Country 1st, gold medalist(s) 2nd, silver medalist(s) 3rd, bronze medalist(s) Total Years won
 Georgia 3 2 0 5 2008, 2011, 2016
 Russia 2 2 0 4 2006, 2017
 Belarus 2 1 2 5 2005, 2007
 Malta 2 0 0 2 2013, 2015
 Armenia 1 4 2 7 2010
 Spain 1 2 0 3 2004
 Ukraine 1 2 0 3 2012
 Netherlands 1 1 0 2 2009
 Croatia 1 0 1 2 2003
 Italy 1 0 1 2 2014
 United Kingdom 0 1 1 2 NA
 Bulgaria 0 1 0 1
 Serbia 0 0 2 2
 Norway 0 0 1 1
 Sweden 0 0 1 1
 Lithuania 0 0 1 1
 Slovenia 0 0 1 1
 Australia 0 0 1 1

Ranking[edit]

Place Country Winner Runner up Third place Best place
1  Georgia 3 2 0
2  Russia 2 2 0
3  Belarus 2 1 2
4  Malta 2 0 0
5  Armenia 1 4 2
6  Spain 1 2 0
7  Ukraine 1 2 0
8  Netherlands 1 1 0
9  Croatia 1 0 1
10  Italy 1 0 1
11  United Kingdom 0 1 1
12  Bulgaria 0 1 0
13  Serbia 0 0 2
14  Norway 0 0 1
15  Sweden 0 0 1
16  Lithuania 0 0 1
17  Slovenia 0 0 1
18  Australia 0 0 1
19  Romania 0 0 0 4
20  Denmark 0 0 0 4
21  Belgium 0 0 0 4
22  Macedonia 0 0 0 5
23  Albania 0 0 0 5
24  France 0 0 0 6
25  Greece 0 0 0 6
26  Moldova 0 0 0 6
27  Azerbaijan 0 0 0 7
28  Cyprus 0 0 0 8
29  Israel 0 0 0 8
30  Poland 0 0 0 8
31  Latvia 0 0 0 9
32  San Marino 0 0 0 10
33  Ireland 0 0 0 10
34  Serbia and Montenegro 0 0 0 13
35  Montenegro 0 0 0 13
36  Portugal 0 0 0 14
37   Switzerland 0 0 0 16

See also[edit]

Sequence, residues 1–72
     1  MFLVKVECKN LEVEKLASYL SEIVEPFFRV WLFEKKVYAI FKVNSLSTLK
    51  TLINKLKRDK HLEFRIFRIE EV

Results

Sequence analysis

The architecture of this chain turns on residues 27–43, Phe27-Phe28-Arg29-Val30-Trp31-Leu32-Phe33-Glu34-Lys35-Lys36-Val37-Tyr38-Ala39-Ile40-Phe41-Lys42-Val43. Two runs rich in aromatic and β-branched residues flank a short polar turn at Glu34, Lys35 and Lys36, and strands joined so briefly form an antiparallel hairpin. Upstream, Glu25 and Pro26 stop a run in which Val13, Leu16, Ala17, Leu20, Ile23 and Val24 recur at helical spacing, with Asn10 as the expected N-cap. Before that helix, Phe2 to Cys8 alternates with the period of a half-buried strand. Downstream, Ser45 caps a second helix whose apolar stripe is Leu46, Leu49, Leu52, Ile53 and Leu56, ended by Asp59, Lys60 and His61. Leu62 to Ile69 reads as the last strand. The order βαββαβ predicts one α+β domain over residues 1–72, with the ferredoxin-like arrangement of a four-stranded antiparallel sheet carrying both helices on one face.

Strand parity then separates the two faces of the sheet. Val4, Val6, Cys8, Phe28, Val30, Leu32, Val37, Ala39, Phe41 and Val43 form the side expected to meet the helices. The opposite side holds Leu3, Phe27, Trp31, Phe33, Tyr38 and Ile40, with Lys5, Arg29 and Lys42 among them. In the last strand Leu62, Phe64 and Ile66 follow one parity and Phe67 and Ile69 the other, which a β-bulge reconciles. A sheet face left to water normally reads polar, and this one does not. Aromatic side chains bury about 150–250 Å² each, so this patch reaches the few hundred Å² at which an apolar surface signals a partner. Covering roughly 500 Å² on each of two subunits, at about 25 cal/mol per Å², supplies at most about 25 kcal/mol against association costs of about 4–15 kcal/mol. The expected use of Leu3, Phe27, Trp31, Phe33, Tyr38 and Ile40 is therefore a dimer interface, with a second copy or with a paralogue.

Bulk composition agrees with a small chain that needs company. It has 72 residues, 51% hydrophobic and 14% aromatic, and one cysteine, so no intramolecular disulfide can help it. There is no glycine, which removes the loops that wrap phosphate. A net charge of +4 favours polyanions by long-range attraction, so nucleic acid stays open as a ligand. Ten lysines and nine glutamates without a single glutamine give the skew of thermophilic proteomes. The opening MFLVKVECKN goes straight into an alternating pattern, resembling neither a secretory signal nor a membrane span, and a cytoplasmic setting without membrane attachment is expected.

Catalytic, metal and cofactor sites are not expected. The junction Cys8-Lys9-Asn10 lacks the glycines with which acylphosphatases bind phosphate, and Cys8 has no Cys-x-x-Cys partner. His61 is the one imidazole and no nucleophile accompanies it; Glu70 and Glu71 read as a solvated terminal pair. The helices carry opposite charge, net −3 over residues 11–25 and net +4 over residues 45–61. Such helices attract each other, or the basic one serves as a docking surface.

Notes and references[edit]

Footnotes[edit]

  1. ^ a b c d e f This song was partially sung in English.

References[edit]

  1. ^ "Junior Eurovision Song Contest 2003". European Broadcasting Union. Retrieved 10 December 2013. 
  2. ^ "Junior Eurovision Song Contest - Belarus". European Broadcasting Union. Retrieved 10 December 2013. 
  3. ^ "Junior Eurovision Song Contest - Georgia". European Broadcasting Union. Retrieved 10 December 2013. 
  4. ^ "Junior Eurovision Song Contest 2006 - About Molly Sandén". European Broadcasting Union. Retrieved 10 December 2013. 
  5. ^ Waddell, Nathan (3 March 2013). "Moje 3 win the ticket to Malmö!". escXtra. Archived from the original on 2 May 2013. Retrieved 27 April 2013. 
  6. ^ "Junior Eurovision Song Contest - Russia". European Broadcasting Union. Retrieved 3 July 2014. 
  7. ^ Fisher, Luke (18 December 2013). "Malta to host Junior Eurovision 2014". junioreurovision.tv. European Broadcasting Union. Retrieved 6 July 2014. Junior Eurovision 2014 will be unique in that there will not be a designated ‘host city’ for the event. Instead, it has been decided that the entire island of Malta will the host of Junior Eurovision 2014!